Pat Leahy: Garda controversy threatens the State’s security
Maurice McCabe revelations have broken the trust between the Government and the force
Garda Commissioner Nóirín O’Sullivan has repeatedly said she did not sanction, order or support a smear campaign against Garda whistleblower Maurice McCabe, as one of her senior officers alleges. Photograph: Gareth Chaney/Collins
The alarming revelations about the treatment of Sgt Maurice McCabe demonstrate that trust has completely broken down between the Government and the leadership of the Garda Síochána.
This is a constitutionally intolerable situation. Important decisions that affect people every day are made by ministers for justice and governments based on what they are told by the Garda.
In a modern state, few relationships are as important as that between the elected political leaders and the security services – the safety and security of society and of individual citizens depends on it.
That relationship is now broken down, imperilled by fear and a lack of trust among politicians in what the leadership of the Garda tells them.
Think of it like this. In previous years, before the era of scandal washed over the Garda like a murky tsunami, any Garda commissioner could tell a minister for justice: “These are the facts. There is no reason for you to be concerned. We have investigated this and we are satisfied” – and be reasonably sure that his words would be accepted by the minister.
That is no longer the case. Garda Commissioner Nóirín O’Sullivan has repeatedly said that she did not sanction, order or support a smear campaign against the Garda whistleblower McCabe, as one of her senior officers alleges.
She has said it in public and – we can presume – in private to Frances Fitzgerald.
The Minister’s response, and that of the Government, has been to say: “That’s fine, thanks.
“We’re not saying we don’t believe you, but we are going to appoint a judge of the Supreme Court to conduct a lengthy, formal investigation, with High Court powers to seize your phone, personal records, official documentation and interview you under oath, to see if you’re lying to us. Meantime, let’s carry on.”
Ministers for justice receive security briefings from the Garda (though not always from the commissioner personally) on a regular basis, perhaps a couple of times a month. On occasion, where particularly important or sensitive matters (perhaps relating to terrorist or subversive threats), the taoiseach attends.
These are normally strictly official matters – political staff don’t attend, a recognition that the matters discussed are regarded as above politics.
They are – or at least have the potential to be – matters of life and death. At the very least they involve the most important duty of any government – the safeguarding of the State and its citizens.
The relationship between the political and security leadership has to be, according to people who have been part of these meetings, “based on absolute trust”.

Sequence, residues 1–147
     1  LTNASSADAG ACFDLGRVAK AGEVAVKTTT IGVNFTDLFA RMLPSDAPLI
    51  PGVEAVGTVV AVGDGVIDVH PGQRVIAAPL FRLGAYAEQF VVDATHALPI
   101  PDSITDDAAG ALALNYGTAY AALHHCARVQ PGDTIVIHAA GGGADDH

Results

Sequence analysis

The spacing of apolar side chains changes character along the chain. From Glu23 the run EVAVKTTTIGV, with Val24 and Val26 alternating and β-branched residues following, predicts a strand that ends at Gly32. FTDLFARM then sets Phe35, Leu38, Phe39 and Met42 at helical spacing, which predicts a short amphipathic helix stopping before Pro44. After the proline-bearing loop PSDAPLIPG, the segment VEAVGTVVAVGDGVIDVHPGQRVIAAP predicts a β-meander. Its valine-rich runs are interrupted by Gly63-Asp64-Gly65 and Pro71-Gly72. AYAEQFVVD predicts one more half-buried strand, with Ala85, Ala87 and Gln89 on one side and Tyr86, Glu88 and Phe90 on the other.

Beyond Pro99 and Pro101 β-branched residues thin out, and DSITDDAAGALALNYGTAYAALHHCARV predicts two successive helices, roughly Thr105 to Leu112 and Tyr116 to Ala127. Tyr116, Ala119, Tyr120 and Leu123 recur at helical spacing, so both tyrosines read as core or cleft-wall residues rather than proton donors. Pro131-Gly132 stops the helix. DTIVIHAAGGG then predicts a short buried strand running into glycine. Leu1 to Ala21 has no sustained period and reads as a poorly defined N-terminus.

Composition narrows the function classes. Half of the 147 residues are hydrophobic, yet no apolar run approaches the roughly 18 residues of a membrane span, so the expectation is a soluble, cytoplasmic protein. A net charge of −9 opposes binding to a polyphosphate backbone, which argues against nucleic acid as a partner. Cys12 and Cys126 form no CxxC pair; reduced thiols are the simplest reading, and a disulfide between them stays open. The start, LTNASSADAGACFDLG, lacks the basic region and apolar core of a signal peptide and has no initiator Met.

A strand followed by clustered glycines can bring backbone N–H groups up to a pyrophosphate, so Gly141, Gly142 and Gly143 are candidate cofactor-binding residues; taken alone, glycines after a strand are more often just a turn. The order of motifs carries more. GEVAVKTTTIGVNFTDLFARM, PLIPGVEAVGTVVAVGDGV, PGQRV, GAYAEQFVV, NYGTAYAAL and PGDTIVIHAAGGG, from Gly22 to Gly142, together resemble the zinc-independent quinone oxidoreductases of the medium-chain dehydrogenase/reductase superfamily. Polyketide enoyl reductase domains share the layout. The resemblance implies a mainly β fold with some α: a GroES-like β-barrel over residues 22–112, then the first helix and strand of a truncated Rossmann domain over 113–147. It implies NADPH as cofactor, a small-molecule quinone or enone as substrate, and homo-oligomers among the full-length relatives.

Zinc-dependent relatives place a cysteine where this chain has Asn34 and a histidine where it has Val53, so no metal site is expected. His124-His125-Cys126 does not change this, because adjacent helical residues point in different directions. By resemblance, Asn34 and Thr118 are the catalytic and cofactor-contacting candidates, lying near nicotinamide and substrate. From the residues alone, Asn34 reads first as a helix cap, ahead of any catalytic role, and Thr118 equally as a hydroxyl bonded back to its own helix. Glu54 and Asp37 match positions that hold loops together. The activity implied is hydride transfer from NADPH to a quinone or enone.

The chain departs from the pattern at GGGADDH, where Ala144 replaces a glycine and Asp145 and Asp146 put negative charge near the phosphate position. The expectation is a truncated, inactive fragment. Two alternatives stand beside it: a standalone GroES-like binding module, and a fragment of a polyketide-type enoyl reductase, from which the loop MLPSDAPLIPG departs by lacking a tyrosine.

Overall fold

The politicians have to be able believe 100 per cent what they are told by the Garda.
According to a number of senior people in Government and Opposition, that trust no longer exists.
The Government’s actions in setting up the commission of investigation (after it had initially asked another judge to tell it whether there were grounds for an inquiry) are testament to that. The clue is in the name.
The expressions of confidence in the commissioner that reporters regularly wring from the Taoiseach and his Ministers are in fact conditional, formulaic.
It’s difficult to blame them. The succession of scandals in the Garda, from Donegal onwards, has shown that typically the corporate and managerial response of the force has been to overlook, bury, deny and then dismiss problems caused by instances of Garda malpractice – whether that be wiping penalty points for their chums or the more serious failures in law enforcement that have adorned commissions, inquiries and tribunals in the last decade and a half.
In the case of McCabe, those denials have been accompanied by a campaign to blacken and vilify him.
Whether O’Sullivan or her predecessor, Martin Callinan, were responsible, involved or aware of this is a matter the commission of investigation will consider. But few people aware of the details of the McCabe saga seriously doubt that such a campaign took place.
The jaw-dropping revelations about the false claims of sexual crimes made against McCabe may of course be an amazing coincidence.
To many people, they will look like an extension of the campaign to destroy the whistleblower. That is certainly how they appear to many people in Government.
Given this view of Garda actions in Government, it is not surprising that trust has evaporated. But that is no minor thing.
In fact, it represents a major crisis at the heart of our State and system of government.
If that is so, it requires a much stronger and more thorough response from Government than has been evident so far.
These are serious issues, well beyond the petty foostering of a lot of politics.
They deserve to be taken seriously. You only have to look across the Atlantic to see what happens when people don’t take government seriously.
It requires a completely new type of leadership within the Garda to lead a new type of culture in the force. A single outsider at the head of the Garda is probably not the answer – too easy to work around.
Instead, the force and those to whom it answers to in Government need to grow their reformers from within, drawn from a new generation of leaders who have entered the force in the last two decades.
It needs to deal with its own bad apples publicly, ruthlessly and relentlessly. It needs a fresh start, a complete break with the culture of the past.
It is difficult to see how the Garda Síochána can do that while its leader is under investigation.
It’s also difficult to see any appreciation of this in Government. That being so, further trouble surely lies ahead.